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Training Tuesday - Science Looks at Canine Body Language

A recent research study in Japan looked at a dog's body language as indicators of learning during training sessions.


When you're training your dog, are you aware of his or her body language? Researchers found that their body language may in fact signal to you that they are learning what you are attempting to teach them.

Masahi Hasegawa, Nobuyo Ohtani and Mitsuaki Ohta of the Azabu University School of Veterinary Medicine in Japan published an article in 2014 regarding their study of canine body language and learning. Their project looked at how a dogs' posture, facial expressions and overall body language changed during an operant conditioning-based program.

The study involved 46 dogs with no prior training from a mix of breeds, which was confirmed by giving them a verbal and hand cue to sit which the dogs did not understand. 17 were male and 26 were female and all were between 12 months and six years of age. The handler engaged each dog in five-minute training sessions teaching the sit behavior using food rewards. Each session was followed by three minutes of rest. This was then followed by 20 minutes testing the dogs' responses to hand cues. These tests were conducted over three days and nine time per dog. During each 20-minute test, the researchers recorded the behavior of the dogs by looking at their eyes, mouth, ears, and tail.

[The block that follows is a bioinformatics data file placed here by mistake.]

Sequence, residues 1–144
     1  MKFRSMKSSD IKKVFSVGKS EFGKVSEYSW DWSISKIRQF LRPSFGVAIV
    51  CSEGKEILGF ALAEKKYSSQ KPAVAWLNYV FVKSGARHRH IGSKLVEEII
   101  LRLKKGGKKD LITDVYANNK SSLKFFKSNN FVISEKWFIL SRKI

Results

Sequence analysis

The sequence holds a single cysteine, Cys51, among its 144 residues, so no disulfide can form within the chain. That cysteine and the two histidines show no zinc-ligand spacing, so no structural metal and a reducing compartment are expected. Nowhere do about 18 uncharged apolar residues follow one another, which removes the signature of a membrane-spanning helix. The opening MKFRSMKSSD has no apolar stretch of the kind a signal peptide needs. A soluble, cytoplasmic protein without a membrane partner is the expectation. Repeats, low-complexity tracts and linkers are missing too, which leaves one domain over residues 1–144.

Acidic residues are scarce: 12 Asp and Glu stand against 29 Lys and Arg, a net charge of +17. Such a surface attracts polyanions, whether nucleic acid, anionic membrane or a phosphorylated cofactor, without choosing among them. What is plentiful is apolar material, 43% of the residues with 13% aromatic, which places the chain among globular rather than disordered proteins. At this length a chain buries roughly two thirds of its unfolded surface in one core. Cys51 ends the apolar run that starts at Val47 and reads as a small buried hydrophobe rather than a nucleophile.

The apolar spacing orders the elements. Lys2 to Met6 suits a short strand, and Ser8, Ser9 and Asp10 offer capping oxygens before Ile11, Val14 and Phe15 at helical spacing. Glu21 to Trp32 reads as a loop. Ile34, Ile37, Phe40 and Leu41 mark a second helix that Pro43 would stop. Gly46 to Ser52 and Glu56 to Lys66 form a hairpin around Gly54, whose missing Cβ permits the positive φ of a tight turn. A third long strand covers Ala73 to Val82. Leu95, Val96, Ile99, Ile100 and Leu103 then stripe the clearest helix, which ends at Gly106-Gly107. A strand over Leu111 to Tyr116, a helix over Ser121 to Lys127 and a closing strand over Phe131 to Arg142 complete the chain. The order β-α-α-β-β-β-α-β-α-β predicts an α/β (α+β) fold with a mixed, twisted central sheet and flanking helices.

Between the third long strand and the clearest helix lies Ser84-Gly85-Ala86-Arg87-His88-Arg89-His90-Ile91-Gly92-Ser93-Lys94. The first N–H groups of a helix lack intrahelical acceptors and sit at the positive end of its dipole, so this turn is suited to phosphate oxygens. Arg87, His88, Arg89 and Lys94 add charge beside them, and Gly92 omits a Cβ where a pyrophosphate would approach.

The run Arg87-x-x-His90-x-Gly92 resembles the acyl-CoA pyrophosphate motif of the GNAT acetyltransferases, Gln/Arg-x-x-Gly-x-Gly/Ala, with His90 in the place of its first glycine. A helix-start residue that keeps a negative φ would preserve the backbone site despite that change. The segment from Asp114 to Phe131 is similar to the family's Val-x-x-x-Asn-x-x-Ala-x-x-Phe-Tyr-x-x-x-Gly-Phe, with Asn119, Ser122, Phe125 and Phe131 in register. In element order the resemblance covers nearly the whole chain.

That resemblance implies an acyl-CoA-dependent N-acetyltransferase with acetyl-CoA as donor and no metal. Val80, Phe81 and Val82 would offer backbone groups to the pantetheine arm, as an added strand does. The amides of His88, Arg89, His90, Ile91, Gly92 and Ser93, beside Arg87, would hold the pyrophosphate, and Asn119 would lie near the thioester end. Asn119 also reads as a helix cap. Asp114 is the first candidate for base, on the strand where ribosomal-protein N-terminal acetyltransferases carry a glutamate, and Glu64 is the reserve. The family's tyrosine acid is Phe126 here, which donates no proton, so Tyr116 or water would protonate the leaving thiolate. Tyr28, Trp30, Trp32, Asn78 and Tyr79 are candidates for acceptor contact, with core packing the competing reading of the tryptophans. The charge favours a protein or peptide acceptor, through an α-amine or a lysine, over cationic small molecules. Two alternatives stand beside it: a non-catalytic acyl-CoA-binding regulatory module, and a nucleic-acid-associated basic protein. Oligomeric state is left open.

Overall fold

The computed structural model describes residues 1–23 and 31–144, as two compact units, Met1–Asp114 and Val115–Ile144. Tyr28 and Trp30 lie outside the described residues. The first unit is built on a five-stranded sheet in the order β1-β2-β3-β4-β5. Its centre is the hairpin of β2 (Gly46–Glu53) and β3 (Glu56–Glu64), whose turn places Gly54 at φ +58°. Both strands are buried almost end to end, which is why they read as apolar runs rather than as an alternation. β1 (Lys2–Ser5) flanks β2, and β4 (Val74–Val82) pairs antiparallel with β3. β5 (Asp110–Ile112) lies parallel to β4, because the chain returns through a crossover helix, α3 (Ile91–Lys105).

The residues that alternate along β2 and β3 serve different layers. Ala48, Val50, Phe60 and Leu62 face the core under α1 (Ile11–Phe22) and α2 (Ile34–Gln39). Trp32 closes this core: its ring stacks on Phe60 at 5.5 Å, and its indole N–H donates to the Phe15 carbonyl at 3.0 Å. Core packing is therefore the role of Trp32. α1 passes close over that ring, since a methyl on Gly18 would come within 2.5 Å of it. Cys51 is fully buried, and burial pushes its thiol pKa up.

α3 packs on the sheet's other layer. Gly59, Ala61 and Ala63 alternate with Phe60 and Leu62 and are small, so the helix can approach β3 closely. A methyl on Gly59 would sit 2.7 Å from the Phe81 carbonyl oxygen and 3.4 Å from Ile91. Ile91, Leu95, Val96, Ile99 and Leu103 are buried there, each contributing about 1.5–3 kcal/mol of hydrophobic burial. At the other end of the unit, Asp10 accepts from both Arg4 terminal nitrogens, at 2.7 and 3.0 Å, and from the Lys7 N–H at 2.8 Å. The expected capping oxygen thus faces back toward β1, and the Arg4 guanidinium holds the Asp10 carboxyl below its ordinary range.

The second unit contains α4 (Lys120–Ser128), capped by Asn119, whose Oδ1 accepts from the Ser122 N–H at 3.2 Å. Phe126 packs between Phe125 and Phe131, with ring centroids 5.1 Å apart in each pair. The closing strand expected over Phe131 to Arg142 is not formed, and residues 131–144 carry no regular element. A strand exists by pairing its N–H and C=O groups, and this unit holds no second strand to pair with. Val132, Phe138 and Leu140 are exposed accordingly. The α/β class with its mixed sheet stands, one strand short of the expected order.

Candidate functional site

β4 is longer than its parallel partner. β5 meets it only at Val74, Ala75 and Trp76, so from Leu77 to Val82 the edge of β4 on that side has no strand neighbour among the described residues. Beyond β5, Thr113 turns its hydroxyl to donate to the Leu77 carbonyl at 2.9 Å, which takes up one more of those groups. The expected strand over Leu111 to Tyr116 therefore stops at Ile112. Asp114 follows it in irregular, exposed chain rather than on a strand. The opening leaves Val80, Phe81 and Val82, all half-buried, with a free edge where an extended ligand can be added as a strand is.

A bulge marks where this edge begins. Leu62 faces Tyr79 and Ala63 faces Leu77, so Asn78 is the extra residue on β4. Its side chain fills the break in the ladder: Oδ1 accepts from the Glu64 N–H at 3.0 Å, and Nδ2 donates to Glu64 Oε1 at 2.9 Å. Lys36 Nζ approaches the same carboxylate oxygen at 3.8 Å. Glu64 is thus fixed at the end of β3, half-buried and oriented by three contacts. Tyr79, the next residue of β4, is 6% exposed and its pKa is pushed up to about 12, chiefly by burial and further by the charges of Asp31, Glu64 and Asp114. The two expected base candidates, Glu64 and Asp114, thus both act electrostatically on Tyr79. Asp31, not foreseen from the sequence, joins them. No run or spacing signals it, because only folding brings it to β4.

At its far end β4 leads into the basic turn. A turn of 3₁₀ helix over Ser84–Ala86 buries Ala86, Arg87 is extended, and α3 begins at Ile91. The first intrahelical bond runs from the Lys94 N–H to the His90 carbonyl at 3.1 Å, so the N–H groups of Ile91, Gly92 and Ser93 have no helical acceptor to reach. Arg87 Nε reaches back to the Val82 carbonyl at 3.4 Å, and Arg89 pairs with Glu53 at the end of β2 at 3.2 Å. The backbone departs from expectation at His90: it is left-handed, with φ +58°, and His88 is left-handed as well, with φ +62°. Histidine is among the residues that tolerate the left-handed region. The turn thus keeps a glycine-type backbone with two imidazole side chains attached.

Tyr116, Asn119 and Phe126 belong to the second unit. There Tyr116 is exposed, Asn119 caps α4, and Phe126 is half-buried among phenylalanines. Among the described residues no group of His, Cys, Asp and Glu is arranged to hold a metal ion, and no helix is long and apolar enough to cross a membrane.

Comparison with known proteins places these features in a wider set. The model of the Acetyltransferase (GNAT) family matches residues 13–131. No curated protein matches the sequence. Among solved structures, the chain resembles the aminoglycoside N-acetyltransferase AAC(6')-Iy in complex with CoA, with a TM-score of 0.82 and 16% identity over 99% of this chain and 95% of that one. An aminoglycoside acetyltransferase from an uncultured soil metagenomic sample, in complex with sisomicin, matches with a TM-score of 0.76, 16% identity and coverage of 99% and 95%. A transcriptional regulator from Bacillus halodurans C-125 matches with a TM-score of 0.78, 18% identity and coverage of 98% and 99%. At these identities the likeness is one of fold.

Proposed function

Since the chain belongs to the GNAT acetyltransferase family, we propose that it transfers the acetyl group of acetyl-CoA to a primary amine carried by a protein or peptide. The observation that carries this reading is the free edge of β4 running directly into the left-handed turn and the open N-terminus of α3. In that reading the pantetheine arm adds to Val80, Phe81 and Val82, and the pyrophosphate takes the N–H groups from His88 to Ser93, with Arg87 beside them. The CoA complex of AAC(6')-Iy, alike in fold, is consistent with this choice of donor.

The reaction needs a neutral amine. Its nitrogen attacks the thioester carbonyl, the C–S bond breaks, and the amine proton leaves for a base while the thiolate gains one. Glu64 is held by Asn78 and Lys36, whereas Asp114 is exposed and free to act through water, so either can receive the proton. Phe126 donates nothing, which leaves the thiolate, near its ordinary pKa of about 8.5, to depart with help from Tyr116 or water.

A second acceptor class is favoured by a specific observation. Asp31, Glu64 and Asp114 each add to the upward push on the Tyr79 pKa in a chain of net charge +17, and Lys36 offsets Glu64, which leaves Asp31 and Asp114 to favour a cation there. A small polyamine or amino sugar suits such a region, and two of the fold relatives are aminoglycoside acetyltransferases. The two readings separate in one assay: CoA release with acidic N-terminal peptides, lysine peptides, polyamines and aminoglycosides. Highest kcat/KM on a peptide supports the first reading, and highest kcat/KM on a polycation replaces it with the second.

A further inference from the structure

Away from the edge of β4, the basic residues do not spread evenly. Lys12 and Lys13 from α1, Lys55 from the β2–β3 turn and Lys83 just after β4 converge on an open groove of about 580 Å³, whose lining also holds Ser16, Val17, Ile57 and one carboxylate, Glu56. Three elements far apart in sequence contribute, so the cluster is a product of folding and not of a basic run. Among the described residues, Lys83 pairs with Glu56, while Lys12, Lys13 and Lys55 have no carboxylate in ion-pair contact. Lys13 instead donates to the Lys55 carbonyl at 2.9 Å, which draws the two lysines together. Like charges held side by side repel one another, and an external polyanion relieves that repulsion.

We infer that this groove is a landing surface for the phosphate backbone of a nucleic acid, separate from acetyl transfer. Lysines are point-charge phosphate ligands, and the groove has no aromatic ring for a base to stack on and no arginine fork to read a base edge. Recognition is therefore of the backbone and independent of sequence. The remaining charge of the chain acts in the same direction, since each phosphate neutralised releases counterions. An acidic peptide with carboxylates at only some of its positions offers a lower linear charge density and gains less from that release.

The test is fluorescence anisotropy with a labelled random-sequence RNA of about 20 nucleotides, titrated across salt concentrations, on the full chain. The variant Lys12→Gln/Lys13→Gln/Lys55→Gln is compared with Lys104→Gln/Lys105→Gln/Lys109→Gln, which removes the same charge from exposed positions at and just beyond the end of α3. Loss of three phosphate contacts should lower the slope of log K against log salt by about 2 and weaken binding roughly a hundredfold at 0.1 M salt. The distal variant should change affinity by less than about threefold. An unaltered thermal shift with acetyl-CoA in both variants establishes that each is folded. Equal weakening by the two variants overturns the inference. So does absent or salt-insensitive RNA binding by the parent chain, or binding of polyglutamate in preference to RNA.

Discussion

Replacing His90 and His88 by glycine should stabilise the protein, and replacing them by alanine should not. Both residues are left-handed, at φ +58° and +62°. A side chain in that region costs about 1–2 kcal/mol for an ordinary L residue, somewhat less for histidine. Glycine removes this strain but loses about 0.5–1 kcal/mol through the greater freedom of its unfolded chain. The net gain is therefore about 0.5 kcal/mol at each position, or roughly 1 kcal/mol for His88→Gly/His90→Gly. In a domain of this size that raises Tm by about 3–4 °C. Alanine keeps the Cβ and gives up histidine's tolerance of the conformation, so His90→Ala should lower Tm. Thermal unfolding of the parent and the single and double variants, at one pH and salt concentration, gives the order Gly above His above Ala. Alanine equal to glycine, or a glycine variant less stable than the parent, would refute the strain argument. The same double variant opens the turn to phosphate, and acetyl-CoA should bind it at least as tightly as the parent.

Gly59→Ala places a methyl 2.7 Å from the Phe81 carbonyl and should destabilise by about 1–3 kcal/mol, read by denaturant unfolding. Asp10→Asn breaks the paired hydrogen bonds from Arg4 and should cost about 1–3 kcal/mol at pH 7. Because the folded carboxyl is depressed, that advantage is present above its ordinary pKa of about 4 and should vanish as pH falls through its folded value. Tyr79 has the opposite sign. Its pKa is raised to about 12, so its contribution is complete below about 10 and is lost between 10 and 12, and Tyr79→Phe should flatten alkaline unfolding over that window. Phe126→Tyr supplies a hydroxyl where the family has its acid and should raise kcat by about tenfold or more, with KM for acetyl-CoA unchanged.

The researchers found that there was a strong correlation between the number of times a training event occurred and the dogs' success on the test, which would follow suit with what we all know about teaching our dogs through repetition and practice.

Regarding the dogs' body language, the researchers found that those that performed the best on the tests displayed wide eyes, forward ears, closed mouths and a tail held high without wagging. The forward ear position was seen as combined with focused attention on the handler and the researchers felt that the sustained forward motion of the ears indicated a dog that was attentive to the handler, as well as wide eyes focused on the handler's face. The length of time the tail was held straight and up was correlated with the dogs' correctly completely the tests with a high degree of accuracy. If the dogs' tails were not wagging, or if the dogs displayed a short and fast wagging motion, this was predictive of the dogs getting a high score on the tests. They did note though that further study on tail motion involving multiple breeds is recommended since there is a variety of tail length and shapes among breeds and some dogs cannot hold their tail straight up. Therefore, it is not clear from the study if tail position and movement is strongly correlated with learning. They also were unsure about the correlation with the closed mouth, as eventually the majority of dogs began to pant during the tests, which could be related to stress or other environmental reasons.

While the results of their study may not be a surprise to people who regularly work and train dogs, it's useful to note that they found correlations with these behaviors across many breeds. So in the future when working with your dogs, take a moment to observe their body language, particularly when they get the "aha" moment and understand a behavior you're teaching and see if you see the same results the researchers did!

Source: Hasegawa M, Ohtani N, Ohta M. (2014). Dogs' body language relevant to learning achievement. Animals, 4, 45-58.

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